Slack Delivers What Users Need

Slack: Behind the Business Communication Giant’s Rise - Slack Delivers What Users Need

Butterfield stuck with the freemium business model that he used for his video games. Slack is free to use but includes a variety of paid plans for those that need access to more features.

One of the main advantages of Slack over the competition is the ability to view thousands of previous messages. Most communication tools make it difficult to easily search past conservations and threads. Other tools also often cap the total messages stored.

With a free account, users can access up to 10,000 of their most recent messages. The paid plans allow users to access all messages from the organization’s message history.

Slack also integrates with some of the most popular business apps, including Office 365 and Google Drive. It also includes multiple built-in features that simplify the way that workers collaborate.

For example, users can use Slack to send messages, share files, and manage workflows. It also provides the flexibility to meet the needs of any organization.

Developers enjoy using Slack due to the variety of integration tools. Companies can alter the software to integrate with existing platforms for a seamless transition. General users like using Slack due to its ease of use and streamlined interface.


Slack Releases its Direct Public Offering

Slack: Behind the Business Communication Giant’s Rise -Slack Releases its Direct Public Offering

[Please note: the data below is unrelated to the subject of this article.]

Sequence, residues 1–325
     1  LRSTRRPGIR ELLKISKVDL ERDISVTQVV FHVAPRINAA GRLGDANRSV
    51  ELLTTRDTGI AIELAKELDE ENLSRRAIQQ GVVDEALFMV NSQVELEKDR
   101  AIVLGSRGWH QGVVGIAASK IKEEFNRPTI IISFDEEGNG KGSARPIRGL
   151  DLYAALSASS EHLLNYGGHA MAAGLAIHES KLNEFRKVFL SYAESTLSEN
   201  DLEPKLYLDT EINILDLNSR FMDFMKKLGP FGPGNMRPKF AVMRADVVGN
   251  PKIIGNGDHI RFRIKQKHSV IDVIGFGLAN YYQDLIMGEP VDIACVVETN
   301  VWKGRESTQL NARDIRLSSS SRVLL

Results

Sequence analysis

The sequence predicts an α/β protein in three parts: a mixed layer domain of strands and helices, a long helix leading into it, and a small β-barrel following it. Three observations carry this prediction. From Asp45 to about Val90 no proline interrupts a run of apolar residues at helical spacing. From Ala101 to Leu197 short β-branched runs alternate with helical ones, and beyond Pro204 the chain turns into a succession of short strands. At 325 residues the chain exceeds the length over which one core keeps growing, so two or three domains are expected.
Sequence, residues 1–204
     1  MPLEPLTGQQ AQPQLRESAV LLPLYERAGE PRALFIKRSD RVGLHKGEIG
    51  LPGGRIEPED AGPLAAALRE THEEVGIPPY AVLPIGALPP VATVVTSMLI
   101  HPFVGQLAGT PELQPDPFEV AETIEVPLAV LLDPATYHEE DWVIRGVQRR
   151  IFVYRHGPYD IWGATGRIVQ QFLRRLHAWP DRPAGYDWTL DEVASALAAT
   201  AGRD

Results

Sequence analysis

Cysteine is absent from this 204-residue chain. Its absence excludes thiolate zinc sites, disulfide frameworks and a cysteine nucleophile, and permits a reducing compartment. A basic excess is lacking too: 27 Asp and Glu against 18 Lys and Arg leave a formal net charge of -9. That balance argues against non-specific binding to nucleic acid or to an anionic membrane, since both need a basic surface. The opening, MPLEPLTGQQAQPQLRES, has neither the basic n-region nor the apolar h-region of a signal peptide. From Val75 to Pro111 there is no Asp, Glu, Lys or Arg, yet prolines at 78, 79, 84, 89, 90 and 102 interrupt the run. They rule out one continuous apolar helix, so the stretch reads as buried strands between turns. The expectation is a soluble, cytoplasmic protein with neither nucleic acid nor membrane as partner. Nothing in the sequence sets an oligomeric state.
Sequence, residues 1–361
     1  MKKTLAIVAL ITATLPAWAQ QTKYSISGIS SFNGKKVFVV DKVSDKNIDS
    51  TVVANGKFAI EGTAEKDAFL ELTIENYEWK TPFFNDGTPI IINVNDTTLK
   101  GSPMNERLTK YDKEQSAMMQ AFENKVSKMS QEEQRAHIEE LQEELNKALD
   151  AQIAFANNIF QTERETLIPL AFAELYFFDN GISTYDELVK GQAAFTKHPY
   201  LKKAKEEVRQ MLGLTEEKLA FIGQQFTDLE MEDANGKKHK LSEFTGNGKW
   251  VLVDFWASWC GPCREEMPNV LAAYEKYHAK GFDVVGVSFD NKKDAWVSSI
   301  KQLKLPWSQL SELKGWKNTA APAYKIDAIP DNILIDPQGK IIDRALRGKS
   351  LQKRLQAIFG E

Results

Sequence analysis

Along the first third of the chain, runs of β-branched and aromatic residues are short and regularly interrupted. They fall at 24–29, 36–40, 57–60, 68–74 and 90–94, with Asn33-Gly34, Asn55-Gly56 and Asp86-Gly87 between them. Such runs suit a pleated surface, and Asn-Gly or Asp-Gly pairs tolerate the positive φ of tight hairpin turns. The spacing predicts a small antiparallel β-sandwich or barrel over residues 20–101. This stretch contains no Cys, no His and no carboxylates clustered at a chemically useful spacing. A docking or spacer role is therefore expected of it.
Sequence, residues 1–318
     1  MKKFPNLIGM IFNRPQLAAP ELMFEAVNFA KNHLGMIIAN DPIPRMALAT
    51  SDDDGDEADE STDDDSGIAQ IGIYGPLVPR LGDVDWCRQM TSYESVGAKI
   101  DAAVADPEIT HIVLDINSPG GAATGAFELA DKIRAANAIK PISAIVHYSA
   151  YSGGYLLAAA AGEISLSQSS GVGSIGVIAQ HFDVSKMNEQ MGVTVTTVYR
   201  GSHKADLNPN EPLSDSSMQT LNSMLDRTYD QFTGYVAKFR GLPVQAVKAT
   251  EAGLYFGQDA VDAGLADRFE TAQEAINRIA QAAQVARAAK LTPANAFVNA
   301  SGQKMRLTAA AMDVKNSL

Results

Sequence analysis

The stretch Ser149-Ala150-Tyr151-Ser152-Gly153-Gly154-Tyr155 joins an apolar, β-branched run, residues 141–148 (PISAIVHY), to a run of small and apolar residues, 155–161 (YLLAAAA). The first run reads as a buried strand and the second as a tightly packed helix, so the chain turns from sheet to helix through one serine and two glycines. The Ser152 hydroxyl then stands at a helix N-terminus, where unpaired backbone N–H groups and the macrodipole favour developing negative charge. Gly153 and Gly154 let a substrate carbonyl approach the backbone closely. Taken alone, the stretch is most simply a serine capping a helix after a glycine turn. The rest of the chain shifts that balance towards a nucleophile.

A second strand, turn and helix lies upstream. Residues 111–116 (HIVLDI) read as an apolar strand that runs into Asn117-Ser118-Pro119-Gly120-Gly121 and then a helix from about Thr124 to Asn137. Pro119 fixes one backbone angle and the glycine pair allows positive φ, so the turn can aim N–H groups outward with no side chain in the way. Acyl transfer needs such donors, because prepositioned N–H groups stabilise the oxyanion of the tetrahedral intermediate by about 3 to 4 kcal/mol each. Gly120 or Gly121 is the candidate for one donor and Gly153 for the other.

Butterfield decided to go with a direct public offering (DPO) instead of an initial public offering (IPO). With a DPO, banks don’t underwrite the offering. The executives at Slack were confident that their product was ready for a public offering. Slack had over 10 million daily active users and was still experiencing significant growth.

Slack shares started trading on the New York Stock Exchange on June 19, 2019. The exchange set a reference price of $26, but the shares opened at $38.50. The jump in stock prices put Slack’s market cap at close to $19.5 billion.

The software was a major success. Slack went public just before the start of the COVID pandemic. The year of 2020 saw a large shift in the way businesses operate. The sharp increase in remote work arrangements led to increased demand for tools such as Slack.

By the end of 2020, companies were starting to show interest in acquiring Slack. Salesforce, the leading customer relationship management (CRM) platform, managed to set the right price.

Salesforce acquired Slack for $27.7 billion on July 21, 2021. In the end, the success of Slack proves that entrepreneurs should look for opportunities in unexpected places.

Stewart Butterfield & Cal Henderson had built and sold a multibillion-dollar company in less than a decade. They managed to develop an intuitive communications tool during the development of a video game. The duo then spun that tool into an enterprise-level platform.

Creating one of the most popular online communications tools was not Butterfield’s original goal. However, he saw the opportunity and went for it. The result was a $27.7 billion acquisition.




Stephanie is the Marketing Director at Talkroute and has been featured in Forbes, Inc, and Entrepreneur as a leading authority on business and telecommunications.

Stephanie is also the chief editor and contributing author for the Talkroute blog helping more than 100k entrepreneurs to start, run, and grow their businesses.